Panels on Thursday aren’t usually dedicated to the star events. But since the Con has grown a lot over the years you’ll still be facing lines of some sort for most panels either because people are in line for a panel three hours from now or the panel has indeed attracted enough people. Usually I dedicate early mornings to do my volunteering so the rest of the day can be responsibility free.

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Unless you go to the surrounding hotels for the areas dedicated to Xbox, Nintendo and Sega (which usually also open at 9am), there won’t be much for you to do outside of the Convention Center, everybody is still setting up to make the most out of the people who come by during the weekends who have no access to the Convention Center.

By late afternoon/night there are singular events worth investigating, last year  MTV had a concert/mini fair on Thursday afternoon for attendees only, and I think they might be doing it again this year.

Friday:

This is when things start getting bigger. Some of the more famous TV shows have panels today, so lines are even longer and this is where some people opt to camp out the night (or days) before. More people decided to either take the day off, skip school or just bought tickets for the day, so Exhibition Hall will be up to your elbows. More freebies are given out and some stars make their appearance at certain booths for signings. So prepare yourself for random fandom screams from any area in the Exhibition Hall, and know that someone famous just appeared.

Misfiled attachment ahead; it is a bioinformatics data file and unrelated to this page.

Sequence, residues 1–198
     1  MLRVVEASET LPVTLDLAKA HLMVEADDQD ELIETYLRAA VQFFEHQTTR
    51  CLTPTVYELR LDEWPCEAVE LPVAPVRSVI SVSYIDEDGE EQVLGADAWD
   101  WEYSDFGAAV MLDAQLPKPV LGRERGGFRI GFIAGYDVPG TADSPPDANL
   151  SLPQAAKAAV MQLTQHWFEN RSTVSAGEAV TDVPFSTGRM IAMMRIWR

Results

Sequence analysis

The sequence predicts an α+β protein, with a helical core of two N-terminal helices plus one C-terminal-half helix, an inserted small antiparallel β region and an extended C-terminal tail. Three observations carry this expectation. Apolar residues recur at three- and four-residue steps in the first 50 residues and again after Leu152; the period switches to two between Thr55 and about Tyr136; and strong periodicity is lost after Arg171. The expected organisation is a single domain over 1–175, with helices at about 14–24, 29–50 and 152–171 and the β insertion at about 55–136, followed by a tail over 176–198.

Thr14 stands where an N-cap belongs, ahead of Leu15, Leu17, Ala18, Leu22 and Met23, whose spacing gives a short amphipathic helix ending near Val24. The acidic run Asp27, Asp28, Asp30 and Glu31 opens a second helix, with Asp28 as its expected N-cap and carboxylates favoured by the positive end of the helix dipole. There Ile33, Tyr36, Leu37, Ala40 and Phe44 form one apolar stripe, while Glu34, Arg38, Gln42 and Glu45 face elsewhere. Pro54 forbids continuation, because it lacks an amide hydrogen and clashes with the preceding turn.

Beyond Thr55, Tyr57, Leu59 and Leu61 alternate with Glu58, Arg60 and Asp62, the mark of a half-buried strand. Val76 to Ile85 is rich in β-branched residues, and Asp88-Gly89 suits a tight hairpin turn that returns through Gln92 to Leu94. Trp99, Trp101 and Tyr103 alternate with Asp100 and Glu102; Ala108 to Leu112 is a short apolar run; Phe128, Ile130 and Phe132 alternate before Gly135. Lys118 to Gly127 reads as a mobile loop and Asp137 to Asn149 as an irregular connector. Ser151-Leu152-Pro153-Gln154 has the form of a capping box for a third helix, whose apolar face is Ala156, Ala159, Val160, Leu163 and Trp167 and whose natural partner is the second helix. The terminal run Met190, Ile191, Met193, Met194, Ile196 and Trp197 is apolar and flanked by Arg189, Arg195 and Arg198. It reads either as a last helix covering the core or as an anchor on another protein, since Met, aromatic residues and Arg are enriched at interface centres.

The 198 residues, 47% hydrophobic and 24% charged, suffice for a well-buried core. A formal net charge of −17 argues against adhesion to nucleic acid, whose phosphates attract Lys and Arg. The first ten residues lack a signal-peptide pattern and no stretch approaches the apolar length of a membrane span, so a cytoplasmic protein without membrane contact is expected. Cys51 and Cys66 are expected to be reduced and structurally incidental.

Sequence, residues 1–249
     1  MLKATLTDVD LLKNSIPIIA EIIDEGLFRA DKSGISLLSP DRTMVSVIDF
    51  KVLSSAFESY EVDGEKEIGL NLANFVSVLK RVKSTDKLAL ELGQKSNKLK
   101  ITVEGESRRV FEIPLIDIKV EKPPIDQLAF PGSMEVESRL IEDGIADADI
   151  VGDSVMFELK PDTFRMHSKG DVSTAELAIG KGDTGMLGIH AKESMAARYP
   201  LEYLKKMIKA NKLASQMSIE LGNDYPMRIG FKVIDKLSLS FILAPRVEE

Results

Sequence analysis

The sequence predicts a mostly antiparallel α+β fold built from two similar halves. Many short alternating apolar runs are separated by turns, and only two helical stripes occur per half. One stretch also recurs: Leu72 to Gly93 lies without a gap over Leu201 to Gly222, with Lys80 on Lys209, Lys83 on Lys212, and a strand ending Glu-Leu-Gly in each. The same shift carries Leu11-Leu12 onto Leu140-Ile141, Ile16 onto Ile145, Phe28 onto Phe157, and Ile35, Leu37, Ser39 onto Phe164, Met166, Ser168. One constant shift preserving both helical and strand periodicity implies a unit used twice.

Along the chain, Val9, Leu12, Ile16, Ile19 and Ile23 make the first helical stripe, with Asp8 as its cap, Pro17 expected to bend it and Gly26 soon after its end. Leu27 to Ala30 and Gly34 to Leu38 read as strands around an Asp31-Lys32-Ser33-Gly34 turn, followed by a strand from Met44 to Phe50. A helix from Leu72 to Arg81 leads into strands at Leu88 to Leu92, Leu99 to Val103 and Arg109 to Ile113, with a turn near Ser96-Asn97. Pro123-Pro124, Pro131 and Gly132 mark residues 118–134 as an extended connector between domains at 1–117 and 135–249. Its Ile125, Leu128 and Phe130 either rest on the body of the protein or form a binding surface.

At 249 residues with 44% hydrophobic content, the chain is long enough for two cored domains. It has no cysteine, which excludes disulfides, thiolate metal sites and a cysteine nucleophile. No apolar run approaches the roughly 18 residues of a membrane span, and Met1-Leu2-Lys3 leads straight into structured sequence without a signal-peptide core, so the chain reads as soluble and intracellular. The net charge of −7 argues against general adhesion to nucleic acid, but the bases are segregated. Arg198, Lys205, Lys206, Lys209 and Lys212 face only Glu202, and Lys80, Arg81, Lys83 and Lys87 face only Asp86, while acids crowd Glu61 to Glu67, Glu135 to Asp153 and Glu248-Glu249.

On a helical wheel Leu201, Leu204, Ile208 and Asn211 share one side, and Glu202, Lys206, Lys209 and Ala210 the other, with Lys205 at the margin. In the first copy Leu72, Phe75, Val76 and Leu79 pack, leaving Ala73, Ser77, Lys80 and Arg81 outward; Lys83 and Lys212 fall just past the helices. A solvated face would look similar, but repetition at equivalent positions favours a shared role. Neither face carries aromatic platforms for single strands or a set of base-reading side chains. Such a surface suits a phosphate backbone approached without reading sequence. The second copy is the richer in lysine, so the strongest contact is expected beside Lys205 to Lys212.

By today everything has been setup outside the Convention Center, and either lines have already started to appear by early morning, or people are on the hunt for tickets and schedules for when they can go into them. Adult Swim has a very rad funhouse, for example, and Assasin’s Creed has been building awesome obstacle courses.

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Cosplay also begins to level up today, as well. While Thursday sports basic and easy cosplay, Friday has a broader complexity to it’s cosplay. People will definitely start asking for pictures instead of just admiring from afar.

Saturday: